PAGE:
3. It has been proven by numerous  studies that: restaurant  customers buy more, whilst using kiosks than when placing orders at the cash desk. This law has proven itself through many years both in the US and in our European implementations. Different brands report check uprise from from 20 to even 30%! Why? Some customers are happy to avoid negative judgment of their eating habits, so that they order more ingredients or more drinks. Some feel less pressure from the touchscreen than from the assistant and therefore spend more time browsing the menu. Some just have fun checking the upselling options.Furthermore, the kiosk is never too busy  to present these options to the customer.
  4. Kiosks are the important part of the customer experience in an omni-channel ecosystem. According to Pymnt.com Restaurant Readiness Index, 62% of customers find  omni-channel elements like online and mobile ordering, digital wallets and loyalty programs as a significant factor for their overall positive experience with chains. Kiosks greatly enhance that experience bringing to the store the look’n’feel that the customers have got used to using web and mobile apps and facilitating their access to their account and loyalty programs.
  5. Kiosks give you increased insight about your customers behaviour. Kiosks not only increase sales and enhance customer experience, they also provide a lot of data which can improve all  data-driven marketing and sales activities. By measuring kiosk performance you can prove which marketing message works better, which cross-sell offers are more compelling and which newly-introduced products are more attractive. By making customers match their kiosk activities with their loyalty program account (i.e. by scanning their mobile app qr code at the kiosk) you can get a lot of additional data about their shopping habits. Importantly, this data belongs  to you - therefore you don’t have to buy them it third parties such as tech giants.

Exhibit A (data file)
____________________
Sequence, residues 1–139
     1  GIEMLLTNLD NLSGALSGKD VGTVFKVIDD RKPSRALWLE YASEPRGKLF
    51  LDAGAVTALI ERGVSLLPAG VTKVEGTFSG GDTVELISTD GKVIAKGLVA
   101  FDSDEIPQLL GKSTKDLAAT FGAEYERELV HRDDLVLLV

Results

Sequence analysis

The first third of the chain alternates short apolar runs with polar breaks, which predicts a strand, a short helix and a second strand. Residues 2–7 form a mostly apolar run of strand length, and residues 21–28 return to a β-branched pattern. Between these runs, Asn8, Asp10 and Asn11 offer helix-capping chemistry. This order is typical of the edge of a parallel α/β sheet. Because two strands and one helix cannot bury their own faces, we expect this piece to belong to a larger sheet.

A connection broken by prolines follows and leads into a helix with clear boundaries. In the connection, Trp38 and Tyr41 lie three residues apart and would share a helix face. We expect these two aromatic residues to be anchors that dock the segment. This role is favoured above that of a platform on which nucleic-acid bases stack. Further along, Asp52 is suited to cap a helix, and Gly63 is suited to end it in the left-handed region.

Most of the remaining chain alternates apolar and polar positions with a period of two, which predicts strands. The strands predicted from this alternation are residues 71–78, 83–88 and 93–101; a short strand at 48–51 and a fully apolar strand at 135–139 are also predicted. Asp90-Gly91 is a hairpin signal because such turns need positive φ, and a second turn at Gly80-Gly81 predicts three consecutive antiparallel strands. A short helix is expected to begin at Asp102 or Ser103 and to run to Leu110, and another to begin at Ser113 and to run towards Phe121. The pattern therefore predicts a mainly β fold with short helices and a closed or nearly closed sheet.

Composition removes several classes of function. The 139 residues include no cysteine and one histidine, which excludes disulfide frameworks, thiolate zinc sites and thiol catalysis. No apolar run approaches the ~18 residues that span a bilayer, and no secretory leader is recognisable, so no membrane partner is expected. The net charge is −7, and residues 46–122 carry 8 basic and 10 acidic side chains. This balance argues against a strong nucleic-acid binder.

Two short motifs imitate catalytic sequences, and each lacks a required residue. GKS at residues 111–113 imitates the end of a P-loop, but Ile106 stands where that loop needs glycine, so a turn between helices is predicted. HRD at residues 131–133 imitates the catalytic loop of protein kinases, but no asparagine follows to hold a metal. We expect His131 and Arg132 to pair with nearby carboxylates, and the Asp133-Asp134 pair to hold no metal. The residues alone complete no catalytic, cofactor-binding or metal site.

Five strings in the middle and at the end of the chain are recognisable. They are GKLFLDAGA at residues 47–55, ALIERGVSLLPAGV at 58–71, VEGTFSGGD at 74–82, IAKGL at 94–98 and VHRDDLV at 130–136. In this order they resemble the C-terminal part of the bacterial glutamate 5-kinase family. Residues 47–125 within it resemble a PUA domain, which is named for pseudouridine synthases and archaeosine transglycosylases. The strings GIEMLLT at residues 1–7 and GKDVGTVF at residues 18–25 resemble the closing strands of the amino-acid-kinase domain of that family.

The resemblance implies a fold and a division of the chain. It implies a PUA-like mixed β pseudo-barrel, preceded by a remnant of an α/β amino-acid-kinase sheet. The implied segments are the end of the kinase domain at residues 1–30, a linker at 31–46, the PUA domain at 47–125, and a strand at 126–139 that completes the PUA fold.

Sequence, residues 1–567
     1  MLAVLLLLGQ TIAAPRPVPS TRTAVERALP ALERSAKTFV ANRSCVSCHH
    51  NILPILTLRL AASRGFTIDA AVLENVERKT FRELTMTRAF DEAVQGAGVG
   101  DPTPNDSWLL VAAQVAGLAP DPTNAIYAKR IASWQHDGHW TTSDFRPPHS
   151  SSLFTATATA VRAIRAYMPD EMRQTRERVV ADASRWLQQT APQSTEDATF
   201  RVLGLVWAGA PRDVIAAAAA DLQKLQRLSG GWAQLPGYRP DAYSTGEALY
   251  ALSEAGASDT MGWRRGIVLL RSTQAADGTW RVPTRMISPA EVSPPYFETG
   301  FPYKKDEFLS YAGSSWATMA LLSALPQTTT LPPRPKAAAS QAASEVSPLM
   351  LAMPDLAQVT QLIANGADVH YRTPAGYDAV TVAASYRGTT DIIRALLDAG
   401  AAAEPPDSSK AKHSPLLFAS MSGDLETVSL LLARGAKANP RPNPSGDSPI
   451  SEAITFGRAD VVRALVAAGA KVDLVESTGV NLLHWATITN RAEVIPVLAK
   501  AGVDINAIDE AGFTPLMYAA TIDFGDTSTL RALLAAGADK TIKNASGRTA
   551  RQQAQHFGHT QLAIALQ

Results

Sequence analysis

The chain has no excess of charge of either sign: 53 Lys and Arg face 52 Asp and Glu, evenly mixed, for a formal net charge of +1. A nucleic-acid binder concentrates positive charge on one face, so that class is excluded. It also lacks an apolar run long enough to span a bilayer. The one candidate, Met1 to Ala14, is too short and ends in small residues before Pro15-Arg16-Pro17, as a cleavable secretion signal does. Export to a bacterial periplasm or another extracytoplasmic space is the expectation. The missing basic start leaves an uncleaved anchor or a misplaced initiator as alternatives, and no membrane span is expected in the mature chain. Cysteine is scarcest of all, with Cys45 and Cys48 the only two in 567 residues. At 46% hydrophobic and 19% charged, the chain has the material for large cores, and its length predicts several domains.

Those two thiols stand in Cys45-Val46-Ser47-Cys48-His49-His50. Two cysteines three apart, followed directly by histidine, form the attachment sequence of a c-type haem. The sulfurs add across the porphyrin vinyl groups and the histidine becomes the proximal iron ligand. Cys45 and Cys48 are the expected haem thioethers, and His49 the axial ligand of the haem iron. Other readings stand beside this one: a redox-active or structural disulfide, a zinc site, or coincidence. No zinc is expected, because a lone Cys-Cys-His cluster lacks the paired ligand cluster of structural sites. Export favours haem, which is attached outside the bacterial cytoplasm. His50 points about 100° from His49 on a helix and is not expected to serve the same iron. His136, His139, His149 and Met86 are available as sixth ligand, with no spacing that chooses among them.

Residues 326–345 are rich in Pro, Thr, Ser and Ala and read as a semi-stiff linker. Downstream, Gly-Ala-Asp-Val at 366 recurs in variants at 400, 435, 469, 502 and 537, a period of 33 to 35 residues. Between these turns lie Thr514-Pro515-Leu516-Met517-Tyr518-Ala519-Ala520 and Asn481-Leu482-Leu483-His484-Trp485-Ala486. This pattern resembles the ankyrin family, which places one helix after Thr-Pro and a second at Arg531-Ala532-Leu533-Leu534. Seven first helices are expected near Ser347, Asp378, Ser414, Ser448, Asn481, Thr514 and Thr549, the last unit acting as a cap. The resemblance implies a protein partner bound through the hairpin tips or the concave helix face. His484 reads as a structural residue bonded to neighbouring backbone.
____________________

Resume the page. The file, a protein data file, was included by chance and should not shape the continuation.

6. Last but not least - implementation of kiosks does not lead to a reduction of staff - the rise in sales  usually compensates for the investment, and the increased traffic keeps the staff just as busy as before  - with increased profits.

Alright, so show me how it works

You should probably recognize this scheme - this is how a traditional POS (point of sales) system works. This is  your headquarters, where you work on menus, manage your policies and pricing Whilst in  the restaurant there’s a bunch of integrated POS equipped cash registers that take care of trading.

There can also be a range of other functionalities as well e.g a loyalty system or a website allowing your customers to place  orders, that are in turn integrated with your POS software.
Nonetheless most POS systems that have been implemented in the second decade of the 21-st century (and earlier)  such as Oracle Micros or iiko aren’t usually equipped with a dedicated solution that plugs into the kiosks (This can also apply to other important features like mobile applications).

This is a key reason as to why most industry experts insist, that it’s  high time to start investing in the digitisation of the restaurant business.
How can this be done?   

Solution one: exchange your POS to a brand-new cloud-based POS system

This solution has considerable advantages, as new software usually

  • has integrated all the elements of  the digital restaurant. That means not only the kiosks, but also web and mobile applications, loyalty systems, integration with third party ordering websites and delivery management solutions etc.
  • gives you a single point of management access to the whole network. Since all the devices run  the same basic application,  any changes that you make to the menu or loyalty system are instantly available on every POS stand or kiosk.
  • it’s more flexible. As as cloud software, it can be continually developed and updated, without the need to upload  changes to all the devices in the network
  • it’s less vulnerable in terms of crashing and disabling the service. It doesn’t require you to build your internal network, simply connect all your the devices to the internet (although  connectivity issues are still possible, they can be easily solved, i.e. by installing a backup mobile connection in every restaurant)
  • is usually much cheaper in day-to-day maintenance, because, as previously mentioned it doesn’t need its own network infrastructure
  • offers more customization options for customers,
  • works on newer (and fancier) hardware. Basically you can use any connected device as a POS or kiosk stand.